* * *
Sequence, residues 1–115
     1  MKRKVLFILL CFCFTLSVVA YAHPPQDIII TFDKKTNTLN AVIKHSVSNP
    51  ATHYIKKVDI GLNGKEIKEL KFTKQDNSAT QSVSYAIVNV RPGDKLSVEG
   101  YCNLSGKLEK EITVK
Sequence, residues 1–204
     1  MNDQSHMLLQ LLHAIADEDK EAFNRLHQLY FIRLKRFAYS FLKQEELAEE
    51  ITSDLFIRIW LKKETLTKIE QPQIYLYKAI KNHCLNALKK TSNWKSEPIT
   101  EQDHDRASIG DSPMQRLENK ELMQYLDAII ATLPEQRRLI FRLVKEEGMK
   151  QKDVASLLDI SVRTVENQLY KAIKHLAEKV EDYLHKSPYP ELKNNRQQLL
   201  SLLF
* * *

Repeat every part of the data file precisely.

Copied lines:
Sequence, residues 1–115
     1  MKRKVLFILL CFCFTLSVVA YAHPPQDIII TFDKKTNTLN AVIKHSVSNP
    51  ATHYIKKVDI GLNGKEIKEL KFTKQDNSAT QSVSYAIVNV RPGDKLSVEG
   101  YCNLSGKLEK EITVK
Sequence, residues 1–204
     1  MNDQSHMLLQ LLHAIADEDK EAFNRLHQLY FIRLKRFAYS FLKQEELAEE
    51  ITSDLFIRIW LKKETLTKIE QPQIYLYKAI KNHCLNALKK TSNWKSEPIT
   101  EQDHDRASIG DSPMQRLENK ELMQYLDAII ATLPEQRRLI FRLVKEEGMK
   151  QKDVASLLDI SVRTVENQLY KAIKHLAEKV EDYLHKSPYP ELKNNRQQLL
   201  SLLF